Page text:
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The Spectrum: Television writers need to stop killing their LGBTQ characters

Jesseca Rodgers, Op-Ed Contributor

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This essay is part of The Spectrum, a forum in our Opinion section for marginalized voices to share their perspectives. To submit a piece for The Spectrum or discuss story ideas, please email spectrum@dailynorthwestern.com.

A friend texted me a few weeks ago raving about a TV show she’d started watching called “Supergirl.” I’m not really one for stories about superheroes, and my friend knows this. But,she exclaimed via iMessage, this superhero show is different from most because one of the main female characters is gay. As a gay person, it’s always thrilling for me to see new representation on television and in other media, so I Googled this new show for more information.

My excitement was short-lived: “Supergirl” is aired on the CW, a television network notorious for queerbaiting its audiences and then killing off queer characters without warning. This is an unfortunately common practice that has become more and more popular in recent years — and it is a practice that needs to be changed. Creators of visual media need to stop killing their LGBTQ characters. Besides being predictable and lazy where good writing is concerned, it is one of numerous ways that marginalized people are erased in popular culture.

The death of LGBTQ characters in visual media has a history long enough that the phenomenon has its own name: the “Bury Your Gays” trope. It was more specifically known as “Dead Lesbian Syndrome” when the first LGBTQ character death occurred on the 1976 soap opera “Executive Suite.” Today, the trope applies to all characters on the queer spectrum, and it is still a disturbingly prevalent element of television writing.

As of early 2018, 194 lesbian and bisexual characters have died on television, and only 29 have survived. This normalization of violence against queer characters has real-world impact on real people. As of mid-2016, LGBTQ people are more likely to be victims of a hate crime than any other minority group. This susceptibility to hate-fueled violence is compounded for people with multiple marginalized identities: Black transgender women face the most violence of anyone in the LGBTQ community. When writers and other media creators choose to enact violence against marginalized people in their work, it often serves to justify real-world violence in the minds of those who already want to hurt queer people. As people with wide-reaching cultural influence, it is important that they use this power responsibly so that innocent people are not harmed by the carelessness of others.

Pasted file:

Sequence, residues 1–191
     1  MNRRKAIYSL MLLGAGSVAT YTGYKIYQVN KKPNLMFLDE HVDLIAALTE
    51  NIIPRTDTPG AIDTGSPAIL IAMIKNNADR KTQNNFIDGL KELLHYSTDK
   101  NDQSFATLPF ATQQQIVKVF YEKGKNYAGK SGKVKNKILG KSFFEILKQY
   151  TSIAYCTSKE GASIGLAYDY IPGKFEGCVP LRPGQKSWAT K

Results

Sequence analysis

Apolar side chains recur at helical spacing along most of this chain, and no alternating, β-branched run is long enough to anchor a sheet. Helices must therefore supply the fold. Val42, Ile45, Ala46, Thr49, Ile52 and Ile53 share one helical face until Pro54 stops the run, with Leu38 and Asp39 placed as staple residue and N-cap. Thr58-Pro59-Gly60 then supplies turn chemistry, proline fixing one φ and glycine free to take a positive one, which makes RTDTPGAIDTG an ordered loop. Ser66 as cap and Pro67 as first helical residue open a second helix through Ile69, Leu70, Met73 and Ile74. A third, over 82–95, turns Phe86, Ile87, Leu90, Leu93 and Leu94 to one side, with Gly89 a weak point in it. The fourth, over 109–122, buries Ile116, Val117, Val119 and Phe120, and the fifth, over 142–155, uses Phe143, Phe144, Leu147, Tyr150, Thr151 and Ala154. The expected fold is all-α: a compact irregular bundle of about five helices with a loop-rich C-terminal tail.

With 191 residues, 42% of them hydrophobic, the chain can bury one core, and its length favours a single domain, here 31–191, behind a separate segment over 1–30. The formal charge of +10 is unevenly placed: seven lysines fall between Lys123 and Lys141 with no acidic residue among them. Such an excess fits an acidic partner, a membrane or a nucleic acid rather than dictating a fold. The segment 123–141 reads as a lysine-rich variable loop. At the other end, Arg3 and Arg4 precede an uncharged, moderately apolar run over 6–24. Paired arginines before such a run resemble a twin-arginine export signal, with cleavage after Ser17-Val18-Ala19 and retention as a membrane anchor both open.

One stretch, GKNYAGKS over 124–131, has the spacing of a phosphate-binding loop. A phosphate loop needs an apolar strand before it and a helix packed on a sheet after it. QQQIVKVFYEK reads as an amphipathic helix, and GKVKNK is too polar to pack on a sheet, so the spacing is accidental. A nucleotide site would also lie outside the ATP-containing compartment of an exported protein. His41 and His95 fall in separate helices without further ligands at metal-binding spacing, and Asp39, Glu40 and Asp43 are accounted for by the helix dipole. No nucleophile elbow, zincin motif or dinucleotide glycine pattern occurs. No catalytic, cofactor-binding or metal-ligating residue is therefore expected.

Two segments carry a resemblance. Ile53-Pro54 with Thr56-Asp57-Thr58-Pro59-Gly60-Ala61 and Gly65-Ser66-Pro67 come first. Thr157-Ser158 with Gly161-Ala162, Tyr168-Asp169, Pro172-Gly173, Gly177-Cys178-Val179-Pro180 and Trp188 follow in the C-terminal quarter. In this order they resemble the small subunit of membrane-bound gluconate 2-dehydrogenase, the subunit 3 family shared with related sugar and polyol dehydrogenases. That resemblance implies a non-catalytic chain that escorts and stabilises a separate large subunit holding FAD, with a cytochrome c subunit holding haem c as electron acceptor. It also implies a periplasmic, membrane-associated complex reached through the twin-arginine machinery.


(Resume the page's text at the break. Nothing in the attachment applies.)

Instead of clinging to this trite and damaging trope, creators could choose to make their LGBTQ characters more real and essential to the overall storylines of their work. The Canadian web series “Carmilla” and the Netflix original sitcom “One Day At A Time” feature queer female lead characters with meaningful relationships to other characters — both platonic and romantic. Creators could also use LGBTQ characters’ plotlines to subvert the “Bury Your Gays” trope in interesting and impactful ways. “Black Mirror,” a science fiction anthology series on Netflix, used this concept in an episode titled “San Junipero.” “San Junipero” won multiple awards, including two Primetime Emmy Awards, and it is now one of the show’s most well-received and critically celebrated episodes to date.

Creators of visual media have to stop killing their LGBTQ characters. It is an exceptionally callous and insensitive example of how marginalized people are consistently erased in popular culture. The “Bury Your Gays” trope feeds on queer audiences’ desire for any sort of representation, and perhaps most dangerously, it normalizes violence against real LGBTQ people. Taking care in the crafting of queer characters’ storylines and their relationships with other characters would benefit both creators and audiences, and it would serve as an important step toward equal treatment of the LGBTQ community in modern society.

Jesseca Rodgers is a Communication senior. She can be contacted at jessecarodgers2017@u.northwestern.edu. If you would like to respond publicly to this column, send a Letter to the Editor to spectrum@dailynorthwestern.com. The views expressed in this piece do not necessarily reflect the views of all staff members of The Daily Northwestern.

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